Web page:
When you create your dev environment, Space provisions the virtual machine based on the instance type and IDE you select in the dialog. If you want to specify your own default values for your project, you can add a devfile to your repository. With a devfile, you can set the default instance type, the default IDE and version, specific environment variables and secrets, and more.

A project may have a single devfile.yaml file or several *.devfile.yaml files located in the .space folder in the repository root. Here’s an example devfile.yaml file that preselects a large instance type and sets IntelliJ IDEA Ultimate version 2022.2 as the default IDE:

schemaVersion: 2.2.0
    instanceType: large
      type: Idea
      version: '2022.2'

When you next create a dev environment, Space will automatically fill in the settings for the dev environment based on the selected devfile:

Select devfile when creating a new dev environment

But wait! There’s more! Your dev environment will run in a container on that virtual machine using the default Space container image. The default Docker image is based on the Ubuntu OS and includes tools like Git, curl, Docker, Docker Compose, Kubernetes, Google Cloud, Open JDK, Python, PHP, the .NET SDK, Ruby, Go, Node.js, npm, yarn, and others.

You can customize the container image that is used to provision your dev environment by adding a custom Dockerfile to your repository. Here’s an example Dockerfile based on Ubuntu 20.04, with some additional tools and JDK versions installed:

FROM ubuntu:20.04

ENV DEBIAN_FRONTEND=noninteractive

RUN apt-get update && apt-get install -y apt-utils apt-transport-https

RUN apt-get install -y \
  # Utilities \
  curl unzip wget software-properties-common socat man-db gnupg2 pass lsof \
  # VCS \
  git \
  # JVM \
  openjdk-8-jre-headless openjdk-11-jdk-headless openjdk-16-jdk-headless openjdk-17-jdk-headless maven \
  # Docker
  docker docker-compose \
  # Required tools
  cowsay \
  # Reduce image size
  && rm -rf /var/lib/apt/lists/*

ENV PATH="${PATH}:/usr/games"
ENV JAVA_HOME=/usr/lib/jvm/java-16-openjdk-amd64

Note: When using a custom image for remote development, we recommended always installing a number of command-line tools, such as curl, unzip, wget, lsof (to enable port forwarding in the remote IDE), and git.

To use a custom Docker image for your dev environment, you’ll need to update your devfile.yaml file and specify the path to the Dockerfile in your repository:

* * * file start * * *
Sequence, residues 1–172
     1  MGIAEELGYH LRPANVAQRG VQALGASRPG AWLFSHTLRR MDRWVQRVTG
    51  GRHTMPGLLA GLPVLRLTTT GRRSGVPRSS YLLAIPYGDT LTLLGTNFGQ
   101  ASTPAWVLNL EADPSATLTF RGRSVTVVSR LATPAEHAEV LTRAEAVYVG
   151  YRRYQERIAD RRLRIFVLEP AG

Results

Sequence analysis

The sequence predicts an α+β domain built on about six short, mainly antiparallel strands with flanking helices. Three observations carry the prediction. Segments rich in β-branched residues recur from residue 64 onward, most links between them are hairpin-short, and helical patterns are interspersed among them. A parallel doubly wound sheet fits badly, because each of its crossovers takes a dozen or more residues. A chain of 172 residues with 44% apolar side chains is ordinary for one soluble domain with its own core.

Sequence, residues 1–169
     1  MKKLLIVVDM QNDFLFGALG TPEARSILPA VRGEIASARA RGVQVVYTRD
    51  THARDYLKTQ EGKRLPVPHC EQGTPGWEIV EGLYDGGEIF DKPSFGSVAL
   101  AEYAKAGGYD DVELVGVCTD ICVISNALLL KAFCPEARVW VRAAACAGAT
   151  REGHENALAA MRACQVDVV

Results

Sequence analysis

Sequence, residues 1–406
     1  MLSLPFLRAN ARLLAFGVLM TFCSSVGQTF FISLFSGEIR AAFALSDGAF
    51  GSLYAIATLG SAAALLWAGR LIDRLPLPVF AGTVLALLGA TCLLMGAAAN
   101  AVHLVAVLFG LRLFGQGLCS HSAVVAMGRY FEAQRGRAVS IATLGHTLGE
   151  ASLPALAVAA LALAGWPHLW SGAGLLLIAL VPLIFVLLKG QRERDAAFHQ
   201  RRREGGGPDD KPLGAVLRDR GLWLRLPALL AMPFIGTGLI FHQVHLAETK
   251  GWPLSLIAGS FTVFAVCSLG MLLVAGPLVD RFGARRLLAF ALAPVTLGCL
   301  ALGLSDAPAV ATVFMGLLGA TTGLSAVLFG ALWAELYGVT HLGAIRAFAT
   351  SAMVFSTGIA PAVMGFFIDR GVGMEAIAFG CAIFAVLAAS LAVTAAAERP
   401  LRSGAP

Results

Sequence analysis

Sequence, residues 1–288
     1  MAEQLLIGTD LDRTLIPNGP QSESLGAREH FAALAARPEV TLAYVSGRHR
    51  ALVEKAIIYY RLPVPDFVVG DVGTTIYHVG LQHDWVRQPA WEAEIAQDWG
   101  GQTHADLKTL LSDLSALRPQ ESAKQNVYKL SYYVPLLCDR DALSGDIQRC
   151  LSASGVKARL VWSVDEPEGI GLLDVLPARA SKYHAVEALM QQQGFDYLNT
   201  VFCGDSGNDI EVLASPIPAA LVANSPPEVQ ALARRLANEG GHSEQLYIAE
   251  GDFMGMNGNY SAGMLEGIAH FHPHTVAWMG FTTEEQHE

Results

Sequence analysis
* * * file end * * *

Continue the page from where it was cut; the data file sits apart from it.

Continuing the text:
schemaVersion: 2.2.0
    instanceType: large
      type: Idea
      version: '2022.2'
- name: image-build
      imageName: myapp:latest
        uri: .space/Dockerfile

Once done, the remote IDE will run in a container that uses your custom Docker image.

Warm up your dev environment to start it faster

When you start a new dev environment and connect to it, there’s a good chance you’ll see the remote IDE resolve project dependencies, build indexes, and perform other background activities. Depending on the size of your project and the number of dependencies, this may take some time.

The good news is that you can speed this process up significantly by building a warm-up snapshot. Warm-up snapshots are created with Space Automation. In the root of your repository, you can add a .space.kts file and configure how your dev environment should be warmed up.

Here’s an example .space.kts file that defines a job that runs every night. It downloads all Git branches, and then runs the steps to prepare a warm-up snapshot with the IDE configured in our devfile.yaml file:

job("Dev Environment Warmup") {
    startOn {
        schedule { cron("0 5 * * *") }
    git {
        depth = UNLIMITED_DEPTH
        refSpec = "refs/*:refs/*"
    warmup(ide = Ide.Idea) {
        devfile = ".space/devfile.yml"

After you’ve warmed up your dev environment, everyone in your Space organization will benefit from a faster startup time, with project indexes ready to go.

One more thing – you can run additional steps as part of the warm-up. In your .space.kts file, just add a scriptLocation parameter that tells Space Automation to run a specific script file:

job("Dev Environment Warmup") {
    // …
    warmup(ide = Ide.Idea) {
        devfile = ".space/devfile.yml"
        scriptLocation = "./"

The ./ file in your Git repository can perform steps such as an initial mvn install or npm install to pre-populate dependencies in the environment, further reducing the time it takes to start a new dev environment and get coding.

Note: Space Automation can be used for many other tasks, including continuous integration (CI). Check out our documentation to learn more.


Space is a complete software development platform that offers remote development orchestration functionality.

You can create and work with dev environments to code on a secure remote machine in the Space cloud. With custom devfile.yml files and Dockerfiles, you can fine-tune how your remote development environment looks, while warm-up snapshots can help reduce the time it takes for your dev environment to start up.

In addition, Space covers the entire software development lifecycle, from hosting Git repositories, automating CI/CD, and publishing packages to managing issues, documents, and chats – all in one place and integrated with JetBrains IDEs. Give it a try!